2012

Ed Pajor is a Professor of Animal Welfare at the University of Calgary Faculty of Veterinary Medicine, Department of Production Animal Health. Dr. aEd_Page__9114Pajor provides scientific expertise to numerous organizations including the McDonald’s Animal Welfare Panel. Dr. Pajor completed his B.Sc. degree in biology from the University of Waterloo and received his M.Sc. and Ph.D. degrees in biology from McGill University, specializing in animal behaviour.

Introduction
Animal welfare issues have increased in public importance significantly over the past few years.  For some, this comes as a surprise for others it is simply a continuation of a developing social ethic (Rollin, 2004).  The increased importance of animal welfare, especially in agriculture, has occurred for a number of reasons including a decrease in knowledge of where food comes from and how it is produced, different conceptions of what matters in terms of animal welfare, increased consolidation and a move to a pull economy from a push economy and the development of animal welfare standards and on farm/plant assessments.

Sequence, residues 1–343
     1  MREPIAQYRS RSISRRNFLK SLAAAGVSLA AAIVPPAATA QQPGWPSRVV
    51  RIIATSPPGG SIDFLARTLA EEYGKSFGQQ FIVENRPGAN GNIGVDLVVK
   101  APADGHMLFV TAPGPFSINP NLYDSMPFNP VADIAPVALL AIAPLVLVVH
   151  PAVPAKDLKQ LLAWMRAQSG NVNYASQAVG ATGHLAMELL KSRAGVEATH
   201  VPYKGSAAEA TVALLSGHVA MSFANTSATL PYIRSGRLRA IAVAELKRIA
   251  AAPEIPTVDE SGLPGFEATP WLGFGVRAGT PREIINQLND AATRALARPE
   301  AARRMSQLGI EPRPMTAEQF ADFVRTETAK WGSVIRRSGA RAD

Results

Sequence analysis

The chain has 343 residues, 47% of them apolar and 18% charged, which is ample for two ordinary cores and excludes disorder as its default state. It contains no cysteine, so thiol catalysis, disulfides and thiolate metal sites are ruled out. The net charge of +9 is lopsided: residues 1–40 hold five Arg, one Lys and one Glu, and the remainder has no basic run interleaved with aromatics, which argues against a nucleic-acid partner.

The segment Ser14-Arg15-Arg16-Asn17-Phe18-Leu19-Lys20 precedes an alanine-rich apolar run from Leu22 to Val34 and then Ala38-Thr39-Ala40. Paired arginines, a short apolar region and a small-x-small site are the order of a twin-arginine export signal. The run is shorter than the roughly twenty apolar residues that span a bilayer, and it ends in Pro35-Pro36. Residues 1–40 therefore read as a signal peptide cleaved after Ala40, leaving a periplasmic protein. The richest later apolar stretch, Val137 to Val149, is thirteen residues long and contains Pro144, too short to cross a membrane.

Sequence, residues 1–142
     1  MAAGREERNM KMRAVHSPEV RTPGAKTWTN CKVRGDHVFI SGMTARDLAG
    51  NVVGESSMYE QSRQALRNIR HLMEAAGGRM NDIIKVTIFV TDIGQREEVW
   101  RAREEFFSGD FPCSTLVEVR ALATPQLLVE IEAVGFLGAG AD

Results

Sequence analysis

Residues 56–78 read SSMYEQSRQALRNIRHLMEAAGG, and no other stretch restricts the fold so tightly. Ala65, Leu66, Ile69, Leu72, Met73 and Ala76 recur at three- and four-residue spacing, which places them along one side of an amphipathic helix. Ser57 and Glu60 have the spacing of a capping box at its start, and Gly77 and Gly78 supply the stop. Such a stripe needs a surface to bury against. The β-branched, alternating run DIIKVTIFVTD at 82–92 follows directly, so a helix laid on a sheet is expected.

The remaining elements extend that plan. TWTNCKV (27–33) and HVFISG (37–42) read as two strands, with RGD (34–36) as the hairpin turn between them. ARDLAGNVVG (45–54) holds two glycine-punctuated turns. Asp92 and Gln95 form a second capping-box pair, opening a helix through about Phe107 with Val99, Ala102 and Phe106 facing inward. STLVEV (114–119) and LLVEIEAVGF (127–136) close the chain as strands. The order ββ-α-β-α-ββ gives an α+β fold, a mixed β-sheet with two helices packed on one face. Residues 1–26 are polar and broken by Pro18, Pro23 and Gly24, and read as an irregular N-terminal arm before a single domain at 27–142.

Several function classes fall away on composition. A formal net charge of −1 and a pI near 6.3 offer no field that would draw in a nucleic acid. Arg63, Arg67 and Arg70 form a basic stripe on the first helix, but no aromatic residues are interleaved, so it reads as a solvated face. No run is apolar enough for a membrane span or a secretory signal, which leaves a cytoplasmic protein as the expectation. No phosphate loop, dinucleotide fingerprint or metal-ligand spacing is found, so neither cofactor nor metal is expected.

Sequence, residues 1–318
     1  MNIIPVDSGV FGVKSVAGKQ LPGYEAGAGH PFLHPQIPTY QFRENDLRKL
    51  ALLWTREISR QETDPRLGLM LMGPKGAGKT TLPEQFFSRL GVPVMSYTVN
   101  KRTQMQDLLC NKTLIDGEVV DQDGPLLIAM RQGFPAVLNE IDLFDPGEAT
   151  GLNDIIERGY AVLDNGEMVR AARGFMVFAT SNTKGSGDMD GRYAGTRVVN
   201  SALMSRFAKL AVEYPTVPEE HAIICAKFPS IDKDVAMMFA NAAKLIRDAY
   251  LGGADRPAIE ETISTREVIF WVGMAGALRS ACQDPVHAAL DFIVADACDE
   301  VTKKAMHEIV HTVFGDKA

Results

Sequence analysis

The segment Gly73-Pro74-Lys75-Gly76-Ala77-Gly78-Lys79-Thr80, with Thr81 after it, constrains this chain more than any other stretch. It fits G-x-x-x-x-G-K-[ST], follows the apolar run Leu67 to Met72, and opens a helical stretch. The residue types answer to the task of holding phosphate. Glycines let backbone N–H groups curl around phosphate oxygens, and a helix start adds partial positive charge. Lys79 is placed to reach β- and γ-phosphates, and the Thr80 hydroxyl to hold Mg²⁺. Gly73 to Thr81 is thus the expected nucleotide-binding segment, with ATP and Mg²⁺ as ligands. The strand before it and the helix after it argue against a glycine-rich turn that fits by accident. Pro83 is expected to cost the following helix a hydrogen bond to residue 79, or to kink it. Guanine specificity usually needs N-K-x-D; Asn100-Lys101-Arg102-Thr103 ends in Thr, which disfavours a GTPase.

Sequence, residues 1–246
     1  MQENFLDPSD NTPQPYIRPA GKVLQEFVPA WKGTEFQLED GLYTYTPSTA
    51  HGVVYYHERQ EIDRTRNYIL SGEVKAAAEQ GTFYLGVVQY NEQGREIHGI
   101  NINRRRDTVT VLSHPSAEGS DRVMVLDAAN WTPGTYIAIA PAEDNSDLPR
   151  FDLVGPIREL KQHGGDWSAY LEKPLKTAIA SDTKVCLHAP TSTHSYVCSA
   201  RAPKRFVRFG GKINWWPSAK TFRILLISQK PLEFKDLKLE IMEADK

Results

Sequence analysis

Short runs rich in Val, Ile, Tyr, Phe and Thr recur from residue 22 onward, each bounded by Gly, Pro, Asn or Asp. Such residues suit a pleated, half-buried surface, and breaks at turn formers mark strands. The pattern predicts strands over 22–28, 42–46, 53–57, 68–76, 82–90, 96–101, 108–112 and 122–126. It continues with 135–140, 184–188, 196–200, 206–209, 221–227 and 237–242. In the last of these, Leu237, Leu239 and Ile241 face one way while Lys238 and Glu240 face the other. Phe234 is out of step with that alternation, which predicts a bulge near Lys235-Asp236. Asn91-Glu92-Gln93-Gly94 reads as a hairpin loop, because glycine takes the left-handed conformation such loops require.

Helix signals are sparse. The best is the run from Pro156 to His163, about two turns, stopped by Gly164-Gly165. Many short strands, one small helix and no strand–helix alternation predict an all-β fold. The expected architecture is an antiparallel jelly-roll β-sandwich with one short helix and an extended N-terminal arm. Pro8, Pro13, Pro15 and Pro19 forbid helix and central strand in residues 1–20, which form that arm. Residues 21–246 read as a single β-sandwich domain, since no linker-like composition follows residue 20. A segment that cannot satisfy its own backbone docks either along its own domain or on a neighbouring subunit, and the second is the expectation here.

Agricultural mythologies and public expectations
The acceptance of how animals are treated in agricultural is reflected by two major components which make up an agricultural mythology, diligent animal care and reverence for the family farm (Fraser, 2008).  This mythology creates certain expectations regarding animal care, expectations that may not reflect the realities of animal production.

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James Carmalt graduated from the University of Cambridge in 1998 and after an internship in large animal medicine at the University of Saskatchewan,Carmalt_sm went into private mixed animal practice in Tasmania, Australia. He returned in 2000 to undertake two concurrent residency programs (Equine Practice and Large Animal Surgery) and then went back to specialist equine private practice in New South Wales, Australia. He became a faculty member at the U of S in 2007.